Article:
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L.A. Then and Now

Historic trove recalls famous crimes

Dist. Atty. Steve Cooley is the unofficial curator of a vast collection of trial memorabilia.

December 23, 2007|Cecilia Rasmussen | Times Staff Writer

Most know Steve Cooley as Los Angeles County's district attorney. But the Los Angeles native also is a history buff, and his collection of memorabilia has turned part of his office suite into a museum of sorts.

The three floors near the top of the Clara Shortridge Foltz Criminal Justice Building in downtown Los Angeles, domain of the district attorney's office, house a cache of mementos, evidence from prominent trials and even artwork.

Some of the trove belongs to the county, but Cooley has added plenty from his own eclectic collection. From the macabre contents of the office's "evidence room" of historic crimes to the old-fashioned police call box next to his desk on the 18th floor, Cooley was happy to show all of it to a reporter recently.

Two floors below is a locked walk-in closet officially known as the Historical Vault. It's the repository for evidence collected in some of the county's most infamous cases, many of which have been the subjects of books and movies.

Plain brown boxes hold photographs, transcripts and other details of such cases as the murder of Elizabeth Short, dubbed the Black Dahlia after her bisected body was found in a vacant Los Angeles lot in 1947. Other boxes are dedicated to the case of wife-killer L. Ewing Scott, who in 1957 was the first person convicted of murder in California without a body having been found, and to preserving the details of the death Marilyn Monroe in 1962.

One of the items is a suitcase that had belonged to pop singer Michael Jackson. The label said it contains "numerous books, 2 pairs of Reebok shoes, 2 pairs of jeans, 1 pair underwear, $1, tube hair-straightener."

Yet another box contains the bloodstained navy blue suit jacket (minus a sleeve) and trousers and other clothes that U.S. Sen. Robert F. Kennedy was wearing when he was shot to death at the Ambassador Hotel in Los Angeles on June 5, 1968.

"We got a letter from the Secretary of State requesting us to turn over his clothing and other items in our possession," Cooley said as he opened the box to display its contents, which include a white shirt, boxer shorts, belt, tie, handkerchief and a single yellow metal cuff link.

"Someone from the state archives will be coming here next year to collect it."

Mass murderer Charles Manson's records and evidence also are boxed up here, including two murder weapons and two mannequins used at the trial to show victims' wounds.

But the evidence closet couldn't begin to hold everything from all the area's crimes, Cooley was quick to point out.

"This is nothing," Cooley said, looking around the room. "We've got another facility in Commerce that's the size of a football field."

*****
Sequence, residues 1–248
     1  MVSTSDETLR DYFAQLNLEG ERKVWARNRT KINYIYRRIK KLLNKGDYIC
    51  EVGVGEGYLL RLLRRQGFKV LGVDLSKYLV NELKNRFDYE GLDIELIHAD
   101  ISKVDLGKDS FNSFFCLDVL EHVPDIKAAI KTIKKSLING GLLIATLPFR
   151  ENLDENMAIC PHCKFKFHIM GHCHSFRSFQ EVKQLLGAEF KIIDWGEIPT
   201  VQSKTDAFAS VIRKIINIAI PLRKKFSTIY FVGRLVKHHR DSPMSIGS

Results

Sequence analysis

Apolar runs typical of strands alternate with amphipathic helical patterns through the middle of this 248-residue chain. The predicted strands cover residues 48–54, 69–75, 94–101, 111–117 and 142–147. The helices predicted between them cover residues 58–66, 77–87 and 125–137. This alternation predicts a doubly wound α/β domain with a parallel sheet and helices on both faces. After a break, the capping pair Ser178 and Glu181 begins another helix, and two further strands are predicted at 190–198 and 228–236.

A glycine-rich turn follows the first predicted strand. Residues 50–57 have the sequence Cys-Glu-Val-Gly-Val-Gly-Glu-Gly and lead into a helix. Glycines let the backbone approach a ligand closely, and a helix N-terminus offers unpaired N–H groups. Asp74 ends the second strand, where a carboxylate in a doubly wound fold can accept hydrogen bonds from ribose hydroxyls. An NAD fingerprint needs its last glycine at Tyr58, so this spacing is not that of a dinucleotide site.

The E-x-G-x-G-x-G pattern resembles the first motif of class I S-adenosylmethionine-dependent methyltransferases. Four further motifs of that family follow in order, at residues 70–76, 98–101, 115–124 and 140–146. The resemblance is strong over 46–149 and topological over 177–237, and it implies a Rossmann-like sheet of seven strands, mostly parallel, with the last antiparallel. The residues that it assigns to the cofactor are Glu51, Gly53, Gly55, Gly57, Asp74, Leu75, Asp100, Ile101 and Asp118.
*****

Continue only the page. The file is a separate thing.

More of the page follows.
Up on the 18th floor, hundreds of items are on display. One conference room is decorated with the drawings of Mona Shafer Edwards, a Los Angeles courtroom artist whose work gives glimpses of high-profile trials including that of "Night Stalker" Richard Ramirez; O.J. Simpson; the Menendez brothers, who killed their parents; and Jody "Babydol" Gibson, a Hollywood madam.

Another conference room, named for former district attorney and California Atty. Gen. Evelle J. Younger, contains tile plaques representing most of the county's 88 cities. Cooley began asking local officials to send him the plaques shortly after he took office seven years ago, and most have obliged, enabling Cooley to turn the conference area into what he calls his "City Room."

"It started out by accident, asking each one of the 78 cities we help in prosecution cases to send us their city plaque," Cooley said. About a dozen cities are missing, including Los Angeles, which Cooley says "is in the process of making one," and Malibu, whose emblem apparently "got slowed down by fires." West Hollywood and Pasadena have assured him theirs are en route, he said.

He doesn't, however, expect to get one from Vernon, where his office has filed political corruption charges against the mayor and others.

Cooley also has put on display a collection of his memorabilia, including FBI baseball caps commemorating the 12 years his father spent with the bureau, and mugs, lapel pins, T-shirts and badges from various local police departments.

A framed 1978 photo of himself in his police uniform, standing by a black and white police car, is a reminder of his days as a reserve LAPD officer.

And then there is a fake, battery-operated "time bomb" that came from a judge with a note reading "Ha!" It reminds Cooley of the time he sent out a "talking" invitation to a fundraiser for his 2000 race for district attorney.

It apparently looked suspicious to one of the recipients, a different judge. The bomb squad was called and blew up Cooley's gimmicky invitation in the parking lot of the courthouse in Norwalk.

Cooley attributes his love of historic items in part to his deep roots in Los Angeles.

He was born and raised in Silver Lake and majored in history at Cal State Los Angeles.

Cooley builds on the tradition of his former boss, Gil Garcetti, who commissioned a giant mural of a 150-year timeline of the D.A.'s office.

When asked what he's going to do with all his memorabilia when he leaves office, Cooley, who plans to seek reelection next year, didn't respond directly.

"Hopefully that won't be too soon," he said.


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